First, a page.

This is almost a psychological suspense novel. The characters are drawn in depth and we see what Joe has to go through to reconcile justice, love for his family, and wanting to make everything right for everyone.

Sunday, January 27, 2013

Rehab Reading

I've been quiet around here because I went in for knee-replacement surgery on January 15. The recovery is very painful and sitting at the computer is particularly uncomfortable. I'm certainly not getting any new writing done yet.

The upside is that all I'm really capable of doing is reading and sleeping, and watching the occasional movie. And that means I get to read almost ALL THE TIME. For a woman like me with a way-too-busy normal life this is a huge treat. 

When I was recuperating from my back surgery two years ago, I did the same. I wrote a review on this blog of each book I read. I'm already behind schedule, but I hope to catch up, at least for the books that I really loved.

So far I have read the following novels:

I got halfway through a novel on my Kindle by an author new to me until I realized I just didn't like the story and the writing enough to finish it. So many books on my list and so little time!

Short stories and novellas include the following:

I'm even reading some non-fiction:

So stay tuned for reviews!

Friday, January 11, 2013

On Self-Publishing

I went on a new adventure last week. It occurred to me that two of my short stories that were published in the last ten years included some dark back story for two of the main characters in Speaking of Murder.

My story "Reduction in Force" describes revenge after corporate layoff and was published in Thin Ice, an anthology of mystery and crime fiction, by Level Best Books, 2010. The main character is Lauren Rousseau's sister, Jackie, who is an important secondary character in Speaking of Murder.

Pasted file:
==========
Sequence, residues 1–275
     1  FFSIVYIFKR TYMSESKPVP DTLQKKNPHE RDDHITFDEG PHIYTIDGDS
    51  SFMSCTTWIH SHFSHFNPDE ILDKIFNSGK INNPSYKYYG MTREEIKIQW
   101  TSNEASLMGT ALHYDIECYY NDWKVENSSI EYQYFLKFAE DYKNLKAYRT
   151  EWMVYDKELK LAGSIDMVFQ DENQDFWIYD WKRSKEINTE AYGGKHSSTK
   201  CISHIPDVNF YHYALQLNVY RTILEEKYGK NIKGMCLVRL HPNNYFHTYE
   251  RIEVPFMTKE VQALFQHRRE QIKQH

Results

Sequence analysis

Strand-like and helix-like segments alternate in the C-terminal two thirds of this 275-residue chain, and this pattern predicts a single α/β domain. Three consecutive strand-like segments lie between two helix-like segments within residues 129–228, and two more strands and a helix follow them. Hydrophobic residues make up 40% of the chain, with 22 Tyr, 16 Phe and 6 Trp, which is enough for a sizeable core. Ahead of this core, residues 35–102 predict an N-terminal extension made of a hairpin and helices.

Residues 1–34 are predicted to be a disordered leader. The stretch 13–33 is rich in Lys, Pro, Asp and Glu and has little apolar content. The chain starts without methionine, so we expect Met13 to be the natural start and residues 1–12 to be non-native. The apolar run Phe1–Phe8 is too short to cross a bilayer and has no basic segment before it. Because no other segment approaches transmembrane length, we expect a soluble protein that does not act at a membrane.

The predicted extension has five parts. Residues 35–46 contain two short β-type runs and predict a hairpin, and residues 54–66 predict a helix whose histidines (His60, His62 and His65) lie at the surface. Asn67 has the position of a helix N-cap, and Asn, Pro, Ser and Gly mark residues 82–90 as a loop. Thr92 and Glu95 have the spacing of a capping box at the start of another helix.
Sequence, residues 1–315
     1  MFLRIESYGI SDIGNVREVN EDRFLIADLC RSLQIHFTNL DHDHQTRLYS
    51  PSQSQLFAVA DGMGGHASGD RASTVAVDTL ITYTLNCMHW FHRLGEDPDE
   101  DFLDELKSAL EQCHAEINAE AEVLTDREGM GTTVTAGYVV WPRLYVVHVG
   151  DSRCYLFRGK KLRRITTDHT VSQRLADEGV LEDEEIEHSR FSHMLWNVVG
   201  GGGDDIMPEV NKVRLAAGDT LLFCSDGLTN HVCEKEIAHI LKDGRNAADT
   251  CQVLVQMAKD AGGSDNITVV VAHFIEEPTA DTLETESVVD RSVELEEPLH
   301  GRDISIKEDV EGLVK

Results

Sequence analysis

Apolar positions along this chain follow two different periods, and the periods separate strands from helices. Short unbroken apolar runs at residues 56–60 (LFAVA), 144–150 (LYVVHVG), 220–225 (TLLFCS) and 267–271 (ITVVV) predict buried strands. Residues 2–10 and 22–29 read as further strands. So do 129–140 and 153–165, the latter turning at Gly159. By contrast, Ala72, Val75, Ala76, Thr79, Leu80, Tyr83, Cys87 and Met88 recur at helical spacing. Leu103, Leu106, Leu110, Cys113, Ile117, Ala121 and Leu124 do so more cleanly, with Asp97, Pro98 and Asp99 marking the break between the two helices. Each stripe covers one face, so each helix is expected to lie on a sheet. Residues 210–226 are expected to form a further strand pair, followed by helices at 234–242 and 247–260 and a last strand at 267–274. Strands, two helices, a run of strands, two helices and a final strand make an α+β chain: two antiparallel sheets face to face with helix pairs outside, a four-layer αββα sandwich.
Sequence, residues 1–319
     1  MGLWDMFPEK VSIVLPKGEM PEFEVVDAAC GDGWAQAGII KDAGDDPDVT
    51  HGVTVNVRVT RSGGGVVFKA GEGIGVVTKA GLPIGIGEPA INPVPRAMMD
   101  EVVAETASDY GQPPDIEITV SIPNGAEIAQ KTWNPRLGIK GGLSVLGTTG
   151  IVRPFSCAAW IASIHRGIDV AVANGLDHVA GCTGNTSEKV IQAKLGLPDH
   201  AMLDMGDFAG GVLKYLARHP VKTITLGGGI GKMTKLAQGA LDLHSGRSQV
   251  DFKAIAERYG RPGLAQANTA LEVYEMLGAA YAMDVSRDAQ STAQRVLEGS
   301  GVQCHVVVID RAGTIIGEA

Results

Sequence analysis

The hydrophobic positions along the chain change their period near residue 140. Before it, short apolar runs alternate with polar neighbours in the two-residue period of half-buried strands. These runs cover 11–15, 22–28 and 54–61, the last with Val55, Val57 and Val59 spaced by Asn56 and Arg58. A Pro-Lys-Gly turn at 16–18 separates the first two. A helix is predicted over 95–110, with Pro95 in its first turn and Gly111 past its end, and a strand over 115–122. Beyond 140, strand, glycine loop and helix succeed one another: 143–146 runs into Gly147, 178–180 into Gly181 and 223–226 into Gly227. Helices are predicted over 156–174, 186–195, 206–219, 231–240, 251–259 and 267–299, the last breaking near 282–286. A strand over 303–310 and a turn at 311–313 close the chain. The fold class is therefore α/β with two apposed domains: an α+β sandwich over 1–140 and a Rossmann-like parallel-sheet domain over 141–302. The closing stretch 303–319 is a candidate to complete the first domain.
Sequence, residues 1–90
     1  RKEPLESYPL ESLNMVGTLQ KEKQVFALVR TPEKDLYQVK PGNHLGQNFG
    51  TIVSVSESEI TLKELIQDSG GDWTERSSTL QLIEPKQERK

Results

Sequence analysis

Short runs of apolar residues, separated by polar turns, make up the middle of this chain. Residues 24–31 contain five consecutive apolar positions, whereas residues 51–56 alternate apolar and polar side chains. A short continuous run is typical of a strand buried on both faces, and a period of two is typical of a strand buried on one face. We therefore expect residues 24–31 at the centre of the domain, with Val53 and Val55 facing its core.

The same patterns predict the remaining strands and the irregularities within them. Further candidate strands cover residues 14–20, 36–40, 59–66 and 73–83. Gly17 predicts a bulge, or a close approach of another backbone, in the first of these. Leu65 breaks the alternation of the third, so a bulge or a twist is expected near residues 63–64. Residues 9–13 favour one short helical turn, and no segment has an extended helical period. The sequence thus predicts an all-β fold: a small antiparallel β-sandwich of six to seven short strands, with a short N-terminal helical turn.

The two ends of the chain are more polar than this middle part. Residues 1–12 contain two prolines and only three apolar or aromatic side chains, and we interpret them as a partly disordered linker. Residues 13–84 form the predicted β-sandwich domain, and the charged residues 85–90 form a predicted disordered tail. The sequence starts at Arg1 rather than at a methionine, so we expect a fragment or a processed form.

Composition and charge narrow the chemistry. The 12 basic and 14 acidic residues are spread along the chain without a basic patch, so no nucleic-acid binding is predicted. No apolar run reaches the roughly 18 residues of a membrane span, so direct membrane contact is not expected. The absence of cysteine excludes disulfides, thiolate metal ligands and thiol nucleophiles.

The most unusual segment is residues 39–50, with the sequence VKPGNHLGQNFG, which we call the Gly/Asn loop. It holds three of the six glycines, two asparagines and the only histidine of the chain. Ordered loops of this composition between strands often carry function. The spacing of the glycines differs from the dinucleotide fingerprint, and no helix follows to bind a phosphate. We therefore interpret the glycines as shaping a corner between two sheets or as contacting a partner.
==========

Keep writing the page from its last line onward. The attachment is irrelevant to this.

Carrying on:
"Obake for Lance" was a short story about murderous revenge published in Riptide, an anthology of mystery and crime fiction, by Level Best Books, 2004. This story describes a dark incident in the past of Lauren's best friend, Elise, who plays a pivotal role in Speaking of Murder.

The rights to both stories reverted to me a year after publication. People who read Speaking of Murder have asked me when the next Lauren Rousseau book is coming out. It won't be out anytime soon, despite being mostly written, because I need to keep writing and promoting the Local Foods mysteries around the demands of my day job and daily life.

But it occurred to me that these two stories are directly related to Lauren and might satisfy some of the hunger of readers. So I read my writing colleague Kaye George's booklet The Road to Self-Publishing and cleaned up the formatting.

With the help of Kaye's booklet, I figured out how to publish the stories for most formats through Smashwords and for Kindle through Amazon. And while it requires some careful attention (that is, don't start doing it at night if you're a morning person), it really isn't that hard.

Through the unfailingly helpful Guppies I found a cover artist, Stanzalone Design, who uses open-source stock photographs and adds the lettering, which makes her covers very affordable, so I commissioned a cover for each. Which I love!

I also realized that Obake was the wrong word to use in that story. The real name of the triangular rice-dough pastry filled with sweet bean paste is Yatsuhashi, so the newly published story is called "Yatsuhashi for Lance."  It's up on Amazon and is already #25 in Kindle Store > Kindle eBooks > Nonfiction > Travel > Asia > Japan and #77 in Books > Travel > Asia > Japan > General. Cool! (We won't worry about the fact that it isn't nonfiction...) It should be up for Nook, Kobo, and Apple formats before the end of January. 

I also liked the cover for "Reduction in Force" since it takes places in a software company and tea plays a critical role in the revenge. It's up on Amazon, too. 

This exercise gave me confidence in the world of self publishing, even though I have "non-me" publishers for all my books so far. I can track sales and let people who ask know that there is more of my writing out there they can read. For a mere ninety-nine cents! I'm not expecting to get rich on a couple of short stories but I like having them available. And you never know...

Have you self published anything? Do you order short stories for your ereader?  If you don't have an ereader and a story isn't available in paper, would you buy it and read it on your PC?